10 class of testimonial statements” covered by the Confrontation Clause. 557 U.S. at 310. And then in Bullcoming, the Court held that a forensic laboratory report certifying the accused’s blood alcohol content was testimonial. 131 S. Ct. at 2717. Under the inescapable logic of these rulings, based on the common law and original meaning of the Confrontation Clause, the autopsy report used as evidence against Petitioner is testimonial and should be subject to the Confrontation Clause. Like the forensic reports the Court has previously found to be testimonial, autopsy reports prepared as part of a homicide investigation are “incontrovertibly a solemn declaration or affirmation made for the purpose of establishing or proving some fact . . . . functionally identical to live, in-court testimony, doing precisely what a witness does on direct examination.” Melendez-Diaz, 557 U.S. at 310 (citations and quotation marks omitted). See, e.g., Diaz v. United States, 223 U.S. 442, 450 (1912) (observing that the autopsy report in that case could not be admitted into evidence in the face of an objection “because the accused was entitled to meet the witnesses face to face”). Such autopsy reports are used to establish time and cause of death, particular injuries, and many other facts surrounding a person’s state at the time of death, as well as the manner in which the autopsy inquiry was undertaken. The autopsy report used against Petitioner was unquestionably a “solemn declaration or affirmation made for the purpose of establishing or proving some fact”: Dr. Bucholtz signed her name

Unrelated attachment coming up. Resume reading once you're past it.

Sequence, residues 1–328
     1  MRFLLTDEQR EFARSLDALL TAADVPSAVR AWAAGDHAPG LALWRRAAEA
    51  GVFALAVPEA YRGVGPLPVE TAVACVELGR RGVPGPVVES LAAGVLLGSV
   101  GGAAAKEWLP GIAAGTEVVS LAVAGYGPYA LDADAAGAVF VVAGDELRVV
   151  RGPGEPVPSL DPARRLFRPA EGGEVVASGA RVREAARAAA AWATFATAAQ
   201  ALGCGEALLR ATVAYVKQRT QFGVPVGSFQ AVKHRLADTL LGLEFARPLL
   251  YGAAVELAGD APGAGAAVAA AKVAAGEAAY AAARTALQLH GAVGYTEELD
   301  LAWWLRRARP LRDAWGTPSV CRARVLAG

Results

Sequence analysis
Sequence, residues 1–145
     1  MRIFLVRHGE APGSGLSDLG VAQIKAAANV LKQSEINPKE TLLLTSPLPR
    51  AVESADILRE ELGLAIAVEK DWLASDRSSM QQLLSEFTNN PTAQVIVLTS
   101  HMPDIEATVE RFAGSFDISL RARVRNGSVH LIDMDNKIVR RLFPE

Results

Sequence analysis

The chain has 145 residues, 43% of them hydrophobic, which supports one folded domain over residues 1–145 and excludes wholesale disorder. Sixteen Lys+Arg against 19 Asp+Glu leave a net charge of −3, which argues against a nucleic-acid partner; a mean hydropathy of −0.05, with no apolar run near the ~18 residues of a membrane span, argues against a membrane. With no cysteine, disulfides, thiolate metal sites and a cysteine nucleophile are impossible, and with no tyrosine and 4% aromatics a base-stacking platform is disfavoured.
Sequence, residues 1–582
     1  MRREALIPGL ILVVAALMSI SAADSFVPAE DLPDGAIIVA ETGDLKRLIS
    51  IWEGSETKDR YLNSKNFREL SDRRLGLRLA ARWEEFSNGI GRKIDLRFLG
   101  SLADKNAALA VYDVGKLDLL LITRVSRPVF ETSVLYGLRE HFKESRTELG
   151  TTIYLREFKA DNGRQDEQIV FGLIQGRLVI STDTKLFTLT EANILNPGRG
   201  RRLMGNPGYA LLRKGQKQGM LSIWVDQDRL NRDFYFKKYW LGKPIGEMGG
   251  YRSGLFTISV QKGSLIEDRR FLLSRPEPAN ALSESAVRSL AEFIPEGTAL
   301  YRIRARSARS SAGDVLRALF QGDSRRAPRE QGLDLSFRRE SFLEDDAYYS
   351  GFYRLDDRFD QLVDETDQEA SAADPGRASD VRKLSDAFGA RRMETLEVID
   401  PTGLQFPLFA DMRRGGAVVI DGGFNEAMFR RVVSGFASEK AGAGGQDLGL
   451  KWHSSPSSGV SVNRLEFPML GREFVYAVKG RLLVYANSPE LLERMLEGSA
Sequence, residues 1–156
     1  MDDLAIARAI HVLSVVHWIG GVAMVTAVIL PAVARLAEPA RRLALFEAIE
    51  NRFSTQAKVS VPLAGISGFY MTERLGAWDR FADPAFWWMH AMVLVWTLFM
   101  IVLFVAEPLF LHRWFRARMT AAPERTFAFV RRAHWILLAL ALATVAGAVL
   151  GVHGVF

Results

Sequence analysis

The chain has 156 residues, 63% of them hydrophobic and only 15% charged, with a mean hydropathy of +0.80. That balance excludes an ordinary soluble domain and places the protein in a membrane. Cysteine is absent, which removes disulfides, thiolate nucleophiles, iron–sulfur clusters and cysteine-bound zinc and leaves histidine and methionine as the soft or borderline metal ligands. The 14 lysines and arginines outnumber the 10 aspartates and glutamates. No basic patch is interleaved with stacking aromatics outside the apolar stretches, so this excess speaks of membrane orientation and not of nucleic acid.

11 to the statement that “[p]ursuant to section 11-594 Arizona Revised Statutes I hereby certify that I took charge of the body described herein and that after making inquiries into the cause and manner of death and examination of the body it is my opinion that death occurred due to the cause and in the manner stated.” Pet. App. 43a. As this certification demonstrates, the autopsy report in this case bore substantial “indicia of formality.” Davis, 547 U.S. at 840 (Thomas, J., concurring in the judgment in part and dissenting in part). See also Williams v. Illinois, 132 S. Ct. 2221, 2260 (2012) (Thomas, J., concurring in the judgment) (stating that “solemnity marked the practices that the Confrontation Clause was designed to eliminate, namely, the ex parte examination of witnesses under the English bail and committal statutes passed during the reign of Queen Mary”). It is quite plainly a “certified declaration of fact,” id., as to Dr. Bucholtz’s conclusions and certain procedures, Pet. App. 43a, similar “to the Marian practice in which magistrates examined witnesses, typically on oath, and ‘certif[ied] the results to the court.’” Williams, 132 S. Ct. at 2260 (quoting Crawford, 541 U.S. at 44). The autopsy report was also part of an investigation, likely to be “use[d] at a later trial.” Melendez-Diaz, 557 U.S. at 311; Crawford, 541 U.S. at 52. As the Petition explains, Arizona law requires the police to “promptly notify the county examiner” about any “suspicious, unusual or unnatural” death, Ariz. Rev. Stat. §§ 11-593(A)(6)